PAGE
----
≪Organizer Abstract≫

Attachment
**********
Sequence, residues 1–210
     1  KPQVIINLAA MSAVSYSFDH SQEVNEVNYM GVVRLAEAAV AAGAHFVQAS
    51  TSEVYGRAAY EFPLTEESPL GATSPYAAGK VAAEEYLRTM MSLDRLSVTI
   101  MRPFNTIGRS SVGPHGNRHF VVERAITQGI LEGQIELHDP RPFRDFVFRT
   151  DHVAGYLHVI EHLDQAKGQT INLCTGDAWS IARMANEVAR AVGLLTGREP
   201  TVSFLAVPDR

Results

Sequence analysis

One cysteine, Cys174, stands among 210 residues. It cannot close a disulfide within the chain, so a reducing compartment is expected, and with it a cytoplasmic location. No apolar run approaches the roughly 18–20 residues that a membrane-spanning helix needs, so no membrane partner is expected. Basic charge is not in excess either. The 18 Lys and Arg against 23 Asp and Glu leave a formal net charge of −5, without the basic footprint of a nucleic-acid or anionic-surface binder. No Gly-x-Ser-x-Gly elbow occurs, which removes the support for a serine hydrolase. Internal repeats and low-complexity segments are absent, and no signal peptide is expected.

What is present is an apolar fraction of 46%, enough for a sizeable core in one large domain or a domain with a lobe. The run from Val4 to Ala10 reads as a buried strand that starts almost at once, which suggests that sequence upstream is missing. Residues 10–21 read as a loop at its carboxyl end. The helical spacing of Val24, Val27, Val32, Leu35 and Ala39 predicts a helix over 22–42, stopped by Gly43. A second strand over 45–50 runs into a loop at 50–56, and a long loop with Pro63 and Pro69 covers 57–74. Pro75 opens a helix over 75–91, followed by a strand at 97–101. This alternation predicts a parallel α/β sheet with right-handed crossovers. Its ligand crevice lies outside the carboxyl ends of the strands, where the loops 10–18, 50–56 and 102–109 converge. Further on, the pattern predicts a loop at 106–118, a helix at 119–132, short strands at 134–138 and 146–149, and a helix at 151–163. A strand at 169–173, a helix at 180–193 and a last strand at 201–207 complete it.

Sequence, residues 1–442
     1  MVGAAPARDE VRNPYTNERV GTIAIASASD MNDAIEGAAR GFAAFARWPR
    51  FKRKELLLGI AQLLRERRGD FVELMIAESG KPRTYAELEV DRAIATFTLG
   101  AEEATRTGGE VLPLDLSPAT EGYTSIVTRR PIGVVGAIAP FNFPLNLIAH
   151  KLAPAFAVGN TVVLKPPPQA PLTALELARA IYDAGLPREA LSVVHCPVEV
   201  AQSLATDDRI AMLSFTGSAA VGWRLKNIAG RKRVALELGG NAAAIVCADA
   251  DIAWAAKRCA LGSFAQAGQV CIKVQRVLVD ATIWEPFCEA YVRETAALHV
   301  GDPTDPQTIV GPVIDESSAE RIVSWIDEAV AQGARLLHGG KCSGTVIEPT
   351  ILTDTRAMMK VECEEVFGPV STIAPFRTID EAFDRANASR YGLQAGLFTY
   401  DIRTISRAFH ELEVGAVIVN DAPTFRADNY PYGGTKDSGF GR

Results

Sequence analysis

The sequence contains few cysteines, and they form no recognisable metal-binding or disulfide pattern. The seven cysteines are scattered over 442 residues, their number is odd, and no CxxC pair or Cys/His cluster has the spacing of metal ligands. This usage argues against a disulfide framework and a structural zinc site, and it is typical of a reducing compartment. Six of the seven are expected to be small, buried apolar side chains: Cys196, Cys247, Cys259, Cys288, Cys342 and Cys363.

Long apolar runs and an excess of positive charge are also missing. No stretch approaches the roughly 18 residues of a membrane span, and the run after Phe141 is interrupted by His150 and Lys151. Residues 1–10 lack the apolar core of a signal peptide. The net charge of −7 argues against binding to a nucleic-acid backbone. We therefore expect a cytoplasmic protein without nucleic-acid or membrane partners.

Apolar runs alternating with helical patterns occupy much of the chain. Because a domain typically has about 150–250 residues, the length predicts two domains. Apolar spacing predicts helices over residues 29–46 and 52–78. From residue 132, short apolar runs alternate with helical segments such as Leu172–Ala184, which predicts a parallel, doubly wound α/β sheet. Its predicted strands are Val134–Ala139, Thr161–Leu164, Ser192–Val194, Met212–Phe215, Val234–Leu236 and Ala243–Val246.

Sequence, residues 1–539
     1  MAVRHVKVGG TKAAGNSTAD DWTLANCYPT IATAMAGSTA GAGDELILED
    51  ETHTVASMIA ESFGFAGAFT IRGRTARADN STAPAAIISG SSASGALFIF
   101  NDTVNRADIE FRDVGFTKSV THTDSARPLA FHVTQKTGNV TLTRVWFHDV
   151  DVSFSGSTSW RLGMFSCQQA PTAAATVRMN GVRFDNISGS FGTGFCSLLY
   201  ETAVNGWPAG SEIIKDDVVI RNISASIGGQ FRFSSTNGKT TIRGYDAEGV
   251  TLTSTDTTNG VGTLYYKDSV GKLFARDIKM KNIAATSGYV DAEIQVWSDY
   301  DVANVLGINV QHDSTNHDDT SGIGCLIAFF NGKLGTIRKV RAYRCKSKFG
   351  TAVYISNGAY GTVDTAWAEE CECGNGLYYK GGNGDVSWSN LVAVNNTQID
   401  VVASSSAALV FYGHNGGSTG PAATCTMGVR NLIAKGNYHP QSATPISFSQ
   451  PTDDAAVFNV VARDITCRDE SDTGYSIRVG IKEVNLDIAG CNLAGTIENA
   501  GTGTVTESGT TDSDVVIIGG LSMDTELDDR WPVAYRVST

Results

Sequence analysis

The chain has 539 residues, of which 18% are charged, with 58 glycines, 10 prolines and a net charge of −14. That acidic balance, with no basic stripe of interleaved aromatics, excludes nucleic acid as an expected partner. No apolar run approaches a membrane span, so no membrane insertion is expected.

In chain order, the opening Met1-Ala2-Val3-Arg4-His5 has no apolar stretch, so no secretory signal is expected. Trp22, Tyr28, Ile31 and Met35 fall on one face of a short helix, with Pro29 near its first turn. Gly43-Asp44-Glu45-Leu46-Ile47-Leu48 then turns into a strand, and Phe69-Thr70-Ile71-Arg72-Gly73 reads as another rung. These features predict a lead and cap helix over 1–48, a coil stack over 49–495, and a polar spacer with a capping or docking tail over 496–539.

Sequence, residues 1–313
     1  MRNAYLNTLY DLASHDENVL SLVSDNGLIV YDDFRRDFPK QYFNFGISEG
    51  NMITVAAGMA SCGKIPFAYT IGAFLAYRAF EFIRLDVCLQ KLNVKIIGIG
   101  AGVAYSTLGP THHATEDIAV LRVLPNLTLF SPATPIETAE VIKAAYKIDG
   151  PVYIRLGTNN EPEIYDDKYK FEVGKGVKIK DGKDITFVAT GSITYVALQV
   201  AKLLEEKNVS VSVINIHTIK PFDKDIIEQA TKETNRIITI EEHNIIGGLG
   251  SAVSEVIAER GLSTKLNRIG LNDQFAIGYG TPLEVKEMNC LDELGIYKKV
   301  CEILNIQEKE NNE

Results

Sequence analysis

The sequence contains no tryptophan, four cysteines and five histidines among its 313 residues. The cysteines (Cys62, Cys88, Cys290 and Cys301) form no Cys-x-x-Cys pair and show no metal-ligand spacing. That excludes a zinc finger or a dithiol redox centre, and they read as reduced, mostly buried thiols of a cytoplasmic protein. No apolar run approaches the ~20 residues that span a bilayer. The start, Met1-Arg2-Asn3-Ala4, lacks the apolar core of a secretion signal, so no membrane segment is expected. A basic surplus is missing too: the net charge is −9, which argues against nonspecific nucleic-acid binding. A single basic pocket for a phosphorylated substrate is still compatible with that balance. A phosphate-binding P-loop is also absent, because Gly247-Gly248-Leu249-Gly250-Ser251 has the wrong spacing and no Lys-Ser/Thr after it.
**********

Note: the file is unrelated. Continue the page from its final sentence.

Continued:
Early loss of sensory systems leads to cross-modal takeover of deafferented structures . In agreement with these findings, we showed that in blind individuals, visual cortex is recruited by auditory and haptic stimuli. In the deaf, auditory cortex is similarly colonized by vision and touch. Interestingly, this recruitment is carried out in a functionally specific manner: in the blind, dorsal 'where' areas are recruited by localization tasks and the ventral 'what' areas by pitch or voices. Similarly, in the deaf, moving dots recruit dorsal areas whereas identifying shapes created by coherent stimuli recruits ventral areas. We also show, using imaging approaches, that structural and functional modifications of areas and pathways explain these findings. But behaviourally, the supra-performance in blind at auditory and tactile discriminations could not be confirmed in the deaf for discriminating faces and in fact vision interferes with language processing in re-established audition when they are presented simultaneously.
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